Economic Illogic

One economist seems to think that the recent fires in Southern California might actually help the economy:

“In the odd nature of economic accounting, this will probably be a stimulus,” said Alan Gin, a University of San Diego economist. “There will be a huge amount of rebuilding in the next couple of years, financed by insurance payments.”

Hey, let’s take this idea to it’s logical conclusion. Let’s burn down the entire state of California. Now that’ll be a real economic boom.

Right ?

Of course not.

  • Erik P.

    … he said, vaguely joking but with a hope and a prayer. Oh well, most of the state is about ready to break off and float away anyway. Or maybe the state government will weigh us down so we sink. Yes, I live in California.

    I know who is going to be rebuilding L.A. when it’s all said and done, and lets just say the Mexican economy might boom just as much or more as our own.

  • trumpetbob15

    Well, guess you found another economist that hasn’t read Bastiat. Hint for this guy: there are cool websites online that will teach the idea of “the seen and the unseen” so you don’t have to try and understand old French literature.

    For anyone interested, here is one play-along story.

  • js290

    It’s obvious that God is a terrorist. Keep Him away from the dirty nukes…

  • Chepe Noyon

    I suspect that the economist’s statement is being taken out of context. If we start with the assumption that he is mentally competent, then we would suspect that he is pointing out the difference between economic activity as the change of wealth and the net stock of wealth. How many times do you hear about GDP (the change in our national wealth) versus our accumulated wealth? Indeed, have you EVER seen an estimate of the total wealth of this nation?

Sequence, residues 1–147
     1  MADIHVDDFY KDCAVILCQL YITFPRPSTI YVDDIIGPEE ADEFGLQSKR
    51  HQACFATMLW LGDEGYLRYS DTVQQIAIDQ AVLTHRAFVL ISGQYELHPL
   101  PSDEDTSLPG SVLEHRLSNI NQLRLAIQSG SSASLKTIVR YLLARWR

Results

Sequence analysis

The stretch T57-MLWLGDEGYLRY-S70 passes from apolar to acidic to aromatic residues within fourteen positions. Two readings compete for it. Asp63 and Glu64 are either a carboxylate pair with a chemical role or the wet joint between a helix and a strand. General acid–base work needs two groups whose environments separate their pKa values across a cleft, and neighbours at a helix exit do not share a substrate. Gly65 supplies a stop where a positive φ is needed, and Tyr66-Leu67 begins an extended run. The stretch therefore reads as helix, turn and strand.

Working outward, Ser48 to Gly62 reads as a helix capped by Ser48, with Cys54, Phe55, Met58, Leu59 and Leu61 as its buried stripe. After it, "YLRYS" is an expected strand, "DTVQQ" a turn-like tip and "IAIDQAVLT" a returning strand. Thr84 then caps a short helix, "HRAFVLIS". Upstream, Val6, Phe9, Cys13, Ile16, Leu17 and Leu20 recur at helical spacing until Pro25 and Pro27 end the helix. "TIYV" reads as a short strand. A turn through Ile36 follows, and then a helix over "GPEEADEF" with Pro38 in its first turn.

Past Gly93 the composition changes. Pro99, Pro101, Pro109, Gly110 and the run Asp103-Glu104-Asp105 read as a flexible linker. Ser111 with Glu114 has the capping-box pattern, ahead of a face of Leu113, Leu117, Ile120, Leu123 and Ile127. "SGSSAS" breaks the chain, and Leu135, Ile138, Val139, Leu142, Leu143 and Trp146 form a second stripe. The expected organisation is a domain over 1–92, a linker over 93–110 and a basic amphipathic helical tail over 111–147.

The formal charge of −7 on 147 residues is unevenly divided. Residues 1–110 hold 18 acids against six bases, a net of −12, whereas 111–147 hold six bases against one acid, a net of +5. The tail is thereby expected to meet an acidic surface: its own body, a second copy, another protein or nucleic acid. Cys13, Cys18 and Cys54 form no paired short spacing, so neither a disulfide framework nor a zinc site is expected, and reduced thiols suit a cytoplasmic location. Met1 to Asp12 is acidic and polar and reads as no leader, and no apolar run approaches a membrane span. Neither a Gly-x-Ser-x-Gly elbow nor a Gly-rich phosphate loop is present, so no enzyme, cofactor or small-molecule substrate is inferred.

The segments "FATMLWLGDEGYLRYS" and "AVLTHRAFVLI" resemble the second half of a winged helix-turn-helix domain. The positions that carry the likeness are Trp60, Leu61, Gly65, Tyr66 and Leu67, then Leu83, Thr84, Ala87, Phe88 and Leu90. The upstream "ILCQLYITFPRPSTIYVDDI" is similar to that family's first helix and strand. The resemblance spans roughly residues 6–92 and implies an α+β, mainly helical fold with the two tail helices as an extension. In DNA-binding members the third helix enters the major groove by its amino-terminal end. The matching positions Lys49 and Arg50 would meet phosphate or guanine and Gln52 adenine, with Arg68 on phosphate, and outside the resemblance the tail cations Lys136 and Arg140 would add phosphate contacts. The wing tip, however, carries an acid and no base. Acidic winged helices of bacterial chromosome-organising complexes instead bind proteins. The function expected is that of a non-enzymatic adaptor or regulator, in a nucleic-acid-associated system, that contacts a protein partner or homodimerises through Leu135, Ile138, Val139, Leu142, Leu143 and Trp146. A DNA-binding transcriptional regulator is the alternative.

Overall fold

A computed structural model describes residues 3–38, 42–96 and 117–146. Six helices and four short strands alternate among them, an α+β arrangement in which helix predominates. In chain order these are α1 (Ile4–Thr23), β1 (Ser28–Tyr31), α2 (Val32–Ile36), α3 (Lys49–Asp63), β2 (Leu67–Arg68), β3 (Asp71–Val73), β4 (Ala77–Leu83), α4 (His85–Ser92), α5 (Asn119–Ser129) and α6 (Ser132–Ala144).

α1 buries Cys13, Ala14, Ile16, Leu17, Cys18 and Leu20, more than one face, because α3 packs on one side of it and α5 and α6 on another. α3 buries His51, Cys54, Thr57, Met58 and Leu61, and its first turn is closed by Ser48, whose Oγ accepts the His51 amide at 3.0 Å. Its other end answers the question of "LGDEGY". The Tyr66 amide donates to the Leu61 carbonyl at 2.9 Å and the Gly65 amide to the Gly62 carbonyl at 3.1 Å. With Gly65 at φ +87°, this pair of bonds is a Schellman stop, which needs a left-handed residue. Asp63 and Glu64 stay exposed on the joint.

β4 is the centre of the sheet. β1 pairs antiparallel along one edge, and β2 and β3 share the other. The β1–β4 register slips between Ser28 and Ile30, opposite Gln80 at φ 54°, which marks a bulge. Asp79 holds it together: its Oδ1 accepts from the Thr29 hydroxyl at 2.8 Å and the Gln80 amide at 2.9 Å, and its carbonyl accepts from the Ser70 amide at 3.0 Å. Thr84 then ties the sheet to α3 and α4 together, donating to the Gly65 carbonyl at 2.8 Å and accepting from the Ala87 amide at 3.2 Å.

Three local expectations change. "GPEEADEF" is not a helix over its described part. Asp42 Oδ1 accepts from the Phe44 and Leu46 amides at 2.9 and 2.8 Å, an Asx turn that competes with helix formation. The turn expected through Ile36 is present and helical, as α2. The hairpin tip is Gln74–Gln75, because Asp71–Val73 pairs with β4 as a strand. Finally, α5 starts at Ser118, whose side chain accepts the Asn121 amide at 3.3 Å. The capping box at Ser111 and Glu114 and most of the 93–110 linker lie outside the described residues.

He could also be talking about the local economy versus the national economy, suggesting that the fires will boost the local economy at the expense of the national economy. This is because capital owned by the insurance companies, currently invested in the national economy, will be diverted to the San Diego economy.

    Of course, if you wish to assume that he’s a fool, then you can reject all these explanations.

  • Jeff Molby

    You’re right, Chepe, but he still deserves some grief. Even if we give him all the benefits of the doubt, that was still a bad quote that will misinform a lot of people. An expert should be able to speak more concisely about the subject.

  • Chepe Noyon

    I’ve been interviewed by the press many times and they ALWAYS get it wrong. No matter how careful you are, they always get something wrong. They’re pretty good about getting the exact wording of your quote right, but they screw up the context and often fail to understand what you’re actually saying. I’ve even had somebody print something that I told him was off the record. My wife, who was once included in a local TV story on a cooking class, was bitten by this bug: they managed to imply that something said by another person was her statement — which caused some friction with the other person.

    So never take any single news story too seriously, and above all, never take any single quote as the gospel truth.

  • GeneG

    Funny how they never ask the insurance companies if the enonomy will prosper after various calamities. Last I heard, Florida has a lot of empty homes following the hurricane surge.

  • AT QB

    Agree w/Chepe Noyon. After reading it a couple of times, it not clear whether the economist is talking about the calamity being a stimulus to the construction sector or whether it is a stimulus to the entire economy (and it could either be the reporter’s or the economist’s fault for not better expressing the quote.)

    At best, the economist is right and some people will misinterpret what he is saying. At worst, the economist is wrong and some people will correctly interpret what he’s saying.